Gone! gone! the bells toll on,
Gone! Even now, to wintry gales
These come :—He schemed their meeting here: To Him that rivalry was dear : His tourney of the arts of peace, , The world's production and increase.
These come .—and, with them, many a man
Gone! A murmur thrills the deep; The earth lies in perturbed sleep; Hot tumults fill the lands afar With restless chance of coming war; And England's gallant sons departBrief preface to their hurried start; Marchings and gatherings to and fro, And sobs repressed, of woman's woe, With lingering watch of crowded decks Till white sails fade to cloud-like specks; And shouts that, following with the brave, Roll in dim echoes o'er the wave. Where's He who took such proud delight In his adopted country's might, Who bade“God speed !” with kind farewell To those who fought, and those who fell, When, bound for Balaclava's shore, They marshalled by the palace door ? His loyal heart no more shall hear The readying word—the martial cheer; The boasting of a people free, “ Victoria and victory," No more shall thrill that clay-cold breast; Nor bugle-call shall break his rest; Nor steel-ciad horseman's measured clank ; Gone! gone! fill up the blank !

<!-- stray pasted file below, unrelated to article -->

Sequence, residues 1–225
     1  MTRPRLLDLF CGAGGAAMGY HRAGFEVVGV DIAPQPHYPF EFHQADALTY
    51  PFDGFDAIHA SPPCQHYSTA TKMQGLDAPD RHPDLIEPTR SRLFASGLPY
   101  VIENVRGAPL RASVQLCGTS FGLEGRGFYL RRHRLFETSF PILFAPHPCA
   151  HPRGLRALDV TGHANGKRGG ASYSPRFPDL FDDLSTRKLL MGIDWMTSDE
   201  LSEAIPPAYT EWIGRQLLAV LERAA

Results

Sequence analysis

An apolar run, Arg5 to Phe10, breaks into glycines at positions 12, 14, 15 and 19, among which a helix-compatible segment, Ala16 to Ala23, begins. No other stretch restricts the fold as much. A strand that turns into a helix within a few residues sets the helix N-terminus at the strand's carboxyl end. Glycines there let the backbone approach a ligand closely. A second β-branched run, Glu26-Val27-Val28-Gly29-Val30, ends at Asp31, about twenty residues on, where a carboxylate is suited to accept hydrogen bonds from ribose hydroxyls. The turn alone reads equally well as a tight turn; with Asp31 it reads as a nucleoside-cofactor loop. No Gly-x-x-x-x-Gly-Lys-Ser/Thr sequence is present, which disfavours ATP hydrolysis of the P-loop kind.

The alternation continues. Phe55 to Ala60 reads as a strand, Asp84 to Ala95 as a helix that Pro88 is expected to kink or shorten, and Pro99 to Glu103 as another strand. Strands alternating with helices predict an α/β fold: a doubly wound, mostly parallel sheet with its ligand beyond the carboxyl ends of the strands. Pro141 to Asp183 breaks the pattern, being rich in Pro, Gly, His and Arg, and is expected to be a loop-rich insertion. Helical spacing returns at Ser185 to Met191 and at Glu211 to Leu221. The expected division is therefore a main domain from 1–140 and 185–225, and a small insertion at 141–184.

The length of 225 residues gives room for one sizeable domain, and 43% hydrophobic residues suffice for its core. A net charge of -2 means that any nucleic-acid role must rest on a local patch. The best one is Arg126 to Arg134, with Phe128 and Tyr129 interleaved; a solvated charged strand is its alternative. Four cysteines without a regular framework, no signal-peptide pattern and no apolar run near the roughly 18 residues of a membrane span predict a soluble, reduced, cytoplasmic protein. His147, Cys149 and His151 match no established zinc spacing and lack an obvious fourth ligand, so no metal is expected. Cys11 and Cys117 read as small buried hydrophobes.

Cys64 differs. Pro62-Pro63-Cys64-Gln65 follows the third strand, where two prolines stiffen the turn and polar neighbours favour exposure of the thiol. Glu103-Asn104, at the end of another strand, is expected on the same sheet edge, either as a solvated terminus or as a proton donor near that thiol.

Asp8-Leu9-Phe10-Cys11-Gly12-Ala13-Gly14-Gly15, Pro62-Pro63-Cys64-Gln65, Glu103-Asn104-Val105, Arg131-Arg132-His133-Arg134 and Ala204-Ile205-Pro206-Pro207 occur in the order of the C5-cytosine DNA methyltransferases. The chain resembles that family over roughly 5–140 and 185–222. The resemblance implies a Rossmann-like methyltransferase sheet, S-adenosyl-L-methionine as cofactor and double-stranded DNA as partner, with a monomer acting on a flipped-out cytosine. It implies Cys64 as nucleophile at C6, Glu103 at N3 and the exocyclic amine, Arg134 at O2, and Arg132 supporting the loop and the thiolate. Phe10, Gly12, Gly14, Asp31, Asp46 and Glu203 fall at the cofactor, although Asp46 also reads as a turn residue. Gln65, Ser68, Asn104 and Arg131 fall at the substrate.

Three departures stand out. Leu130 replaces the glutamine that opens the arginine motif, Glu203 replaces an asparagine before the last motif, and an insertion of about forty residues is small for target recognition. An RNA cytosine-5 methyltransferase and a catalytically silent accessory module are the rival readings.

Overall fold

Gone! The light new-fallen snow
Nor spring make glad that lone lake's bank,
Gone! gone! With trembling moan
But in the highest home of all
The Widow's wintry coif is there!
i Leslie's picture of the Coronation represents an actual fact, in the management of the light which streams down on the Coronation group. The morning, which had been fitful and cloudy, suddenly brightened at that moment, and the Queen's fair hair Bowed is that head !bowed low once more ! But not as in the days of yore; Not with the future opening bright A dream of splendour to her sight; Not where the shouting lieges crowd ; Alone-in grief-her head is bowed. Her sad eyes watch the fire-light gleams; Her weary soul hath humbler dreams; Roaming from Osborne's seagirt bowers, By royal Windsor's moated towers, To vaults where flowers lie, dark and dank :Gone ! gone ! fill up the blank !
She kneels. The God who sent the gain,
That aspect of sweet life must change;
i Her Majesty and the young Princesses sent wreaths of flowers from Osborne, to place on the coffin of the lamented Prince